The feast of Saint Andrew sparks the question in my heart about the nature –cost of discipleship. What is “discipleship” and what is its cost? Why is there a cost? Truth be told, obedience to the Gospel is not easy. Following the Lord is not easy when there are pressures from within and from without that say “go the other way” or “don’t be bothered, no one else is.” If one really wants to walk the path that leads to happiness, how does one do this? The monastic life which I am now trying to lead asks the same questions. There are days that the life is beautiful; there are days in which it’s a nuissance (to say the least). Doing the will of God must be easy, clear and satisfying for some people. I can’t always say the same. I think of the call of Andrew and Peter and what they must have felt and thought and did…
The call of Jesus goes forth, and is at once followed by the response of obedience. The response of the disciples is an act of obedience, not a confession of faith in Jesus. How could the call immediately evoke obedience?
The story of the call of the first disciples is a stumbling-block to our natural reason, and it is no wonder that frantic attempts have been made to separate the two events. By hook or by crook a bridge must be found between them. Something must have happened in between, some psychological or historical event. Thus we get the stupid question: Surely the disciples must have known Jesus before, and that previous acquaintance explains their readiness to hear the Master’s call. Unfortunately our text is ruthlessly silent on this point, and in fact it regards the immediate sequence of call and response as a matter of crucial importance. It displays not the slightest interest in the psychological reasons for a person’s religious decisions. And why? For the simple reason that the cause behind the immediate following of call by response is Jesus Christ himself. It is Jesus who calls, and because it is Jesus, the disciple follows at once.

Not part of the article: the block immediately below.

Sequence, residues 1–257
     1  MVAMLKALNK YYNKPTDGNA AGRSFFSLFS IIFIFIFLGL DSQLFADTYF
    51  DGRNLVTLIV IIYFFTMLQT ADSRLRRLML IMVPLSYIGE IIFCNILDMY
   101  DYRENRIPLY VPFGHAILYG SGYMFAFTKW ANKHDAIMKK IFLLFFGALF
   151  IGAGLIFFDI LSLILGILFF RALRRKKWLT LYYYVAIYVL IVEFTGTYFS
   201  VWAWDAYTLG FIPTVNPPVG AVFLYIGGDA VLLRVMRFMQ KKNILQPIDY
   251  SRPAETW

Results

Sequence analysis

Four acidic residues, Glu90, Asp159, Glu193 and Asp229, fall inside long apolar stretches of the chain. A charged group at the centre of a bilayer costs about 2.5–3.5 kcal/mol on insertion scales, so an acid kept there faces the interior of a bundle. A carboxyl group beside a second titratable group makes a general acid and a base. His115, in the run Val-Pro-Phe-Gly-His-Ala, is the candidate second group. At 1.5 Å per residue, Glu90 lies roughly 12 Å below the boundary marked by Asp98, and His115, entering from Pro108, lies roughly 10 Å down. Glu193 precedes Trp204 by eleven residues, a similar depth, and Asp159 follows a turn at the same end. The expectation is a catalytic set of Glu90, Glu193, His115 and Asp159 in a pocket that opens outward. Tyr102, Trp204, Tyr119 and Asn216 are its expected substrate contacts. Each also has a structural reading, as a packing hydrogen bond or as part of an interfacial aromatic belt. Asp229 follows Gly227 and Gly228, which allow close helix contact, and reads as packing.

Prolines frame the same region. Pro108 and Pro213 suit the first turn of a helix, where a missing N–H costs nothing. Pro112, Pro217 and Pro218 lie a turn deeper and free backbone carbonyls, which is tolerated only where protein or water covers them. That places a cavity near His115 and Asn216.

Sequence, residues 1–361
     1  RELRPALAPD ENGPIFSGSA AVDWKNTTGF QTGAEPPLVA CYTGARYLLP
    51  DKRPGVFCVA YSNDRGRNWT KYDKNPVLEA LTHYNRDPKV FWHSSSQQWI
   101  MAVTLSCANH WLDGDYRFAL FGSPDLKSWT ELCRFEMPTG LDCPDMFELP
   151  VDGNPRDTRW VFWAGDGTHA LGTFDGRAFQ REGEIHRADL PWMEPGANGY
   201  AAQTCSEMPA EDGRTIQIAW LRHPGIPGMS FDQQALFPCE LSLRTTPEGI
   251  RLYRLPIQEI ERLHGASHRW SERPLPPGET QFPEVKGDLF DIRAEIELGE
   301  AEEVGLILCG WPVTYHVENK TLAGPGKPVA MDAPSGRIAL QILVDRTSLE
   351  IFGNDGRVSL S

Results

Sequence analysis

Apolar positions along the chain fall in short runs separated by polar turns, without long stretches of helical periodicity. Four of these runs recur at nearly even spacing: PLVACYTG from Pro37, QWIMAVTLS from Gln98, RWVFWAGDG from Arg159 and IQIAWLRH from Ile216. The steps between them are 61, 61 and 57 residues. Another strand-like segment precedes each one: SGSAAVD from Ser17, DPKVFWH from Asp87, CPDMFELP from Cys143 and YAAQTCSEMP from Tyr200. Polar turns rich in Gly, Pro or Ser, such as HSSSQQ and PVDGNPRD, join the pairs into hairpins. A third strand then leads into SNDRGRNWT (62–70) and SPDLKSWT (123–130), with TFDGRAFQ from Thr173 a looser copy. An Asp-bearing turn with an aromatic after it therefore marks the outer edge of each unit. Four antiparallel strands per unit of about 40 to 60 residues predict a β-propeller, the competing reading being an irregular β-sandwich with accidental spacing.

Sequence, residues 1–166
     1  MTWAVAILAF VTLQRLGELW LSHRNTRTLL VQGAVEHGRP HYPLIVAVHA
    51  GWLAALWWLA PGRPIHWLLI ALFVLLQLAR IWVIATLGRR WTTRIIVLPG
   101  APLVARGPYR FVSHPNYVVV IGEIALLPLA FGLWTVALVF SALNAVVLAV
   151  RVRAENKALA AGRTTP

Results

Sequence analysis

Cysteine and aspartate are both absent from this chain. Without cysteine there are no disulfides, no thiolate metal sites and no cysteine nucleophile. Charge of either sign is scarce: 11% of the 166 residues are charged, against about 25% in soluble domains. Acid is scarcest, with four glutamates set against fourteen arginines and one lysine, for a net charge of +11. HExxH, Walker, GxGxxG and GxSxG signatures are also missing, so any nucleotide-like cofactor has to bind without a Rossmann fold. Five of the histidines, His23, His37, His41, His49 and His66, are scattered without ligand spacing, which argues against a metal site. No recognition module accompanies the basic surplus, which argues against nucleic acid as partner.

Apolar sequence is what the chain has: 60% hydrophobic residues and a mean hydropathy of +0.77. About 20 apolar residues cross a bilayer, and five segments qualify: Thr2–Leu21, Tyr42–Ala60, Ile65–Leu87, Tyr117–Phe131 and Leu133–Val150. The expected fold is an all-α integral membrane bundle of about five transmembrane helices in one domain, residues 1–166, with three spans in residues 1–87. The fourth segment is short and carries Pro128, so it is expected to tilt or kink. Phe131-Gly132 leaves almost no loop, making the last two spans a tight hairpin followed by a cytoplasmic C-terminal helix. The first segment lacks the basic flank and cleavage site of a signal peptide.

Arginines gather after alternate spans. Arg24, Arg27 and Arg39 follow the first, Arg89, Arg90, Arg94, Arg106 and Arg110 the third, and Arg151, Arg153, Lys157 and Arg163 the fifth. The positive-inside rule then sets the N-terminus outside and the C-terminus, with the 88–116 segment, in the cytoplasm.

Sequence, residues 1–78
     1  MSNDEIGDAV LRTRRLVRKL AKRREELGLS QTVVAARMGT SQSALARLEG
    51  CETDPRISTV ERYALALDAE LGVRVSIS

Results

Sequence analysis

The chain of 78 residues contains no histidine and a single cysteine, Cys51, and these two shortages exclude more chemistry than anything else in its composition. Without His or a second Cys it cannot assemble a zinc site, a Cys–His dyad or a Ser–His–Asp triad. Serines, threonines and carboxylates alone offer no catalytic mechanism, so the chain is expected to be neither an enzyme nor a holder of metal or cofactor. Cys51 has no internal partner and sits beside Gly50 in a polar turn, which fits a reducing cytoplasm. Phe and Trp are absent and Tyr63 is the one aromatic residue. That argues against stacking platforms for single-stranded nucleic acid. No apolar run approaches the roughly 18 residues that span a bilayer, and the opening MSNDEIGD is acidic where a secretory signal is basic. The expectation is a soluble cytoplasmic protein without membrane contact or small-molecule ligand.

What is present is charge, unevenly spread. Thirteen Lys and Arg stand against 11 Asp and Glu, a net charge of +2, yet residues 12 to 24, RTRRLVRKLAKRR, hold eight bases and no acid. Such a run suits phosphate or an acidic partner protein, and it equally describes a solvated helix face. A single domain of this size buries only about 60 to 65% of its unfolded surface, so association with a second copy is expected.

This encounter is a testimony to the absolute, direct, and unaccountable authority of Jesus. There is no need of any preliminaries, and no other consequence but obedience to the call. Because Jesus is the Christ, he has the authority to call and to demand obedience to his word. Jesus summons us to follow him not as a teacher of a pattern of the good life, but as the Christ, the Son of God. In this short text Jesus Christ and his claim are proclaimed to the world. Not a word of praise is given to the disciple for his decision for Christ. We are not expected to contemplate the disciple, but only him who calls, and his absolute authority. According to our text, there is no road to faith or discipleship, no other road -only obedience to the call of Jesus.
And what does the text inform us about the content of discipleship? Follow me, run along behind me! That is all. To follow in Christ’s steps is something which is void of all content. It gives us no intelligible programme for a way of life, no goal or ideal to strive after. When we are called to follow Christ, we are summoned to an exclusive attachment to his person. The grace of his call bursts all the bonds of legalism. It is a gracious call, a gracious commandment. It transcends the difference between the law and the gospel. Christ calls the disciples follows; that is grace and commandment in one.
(Dietrich Bonhoeffer, The Cost of Discipleship, English trans. R. H. Fuller, London, 1959, pp. 48-9.)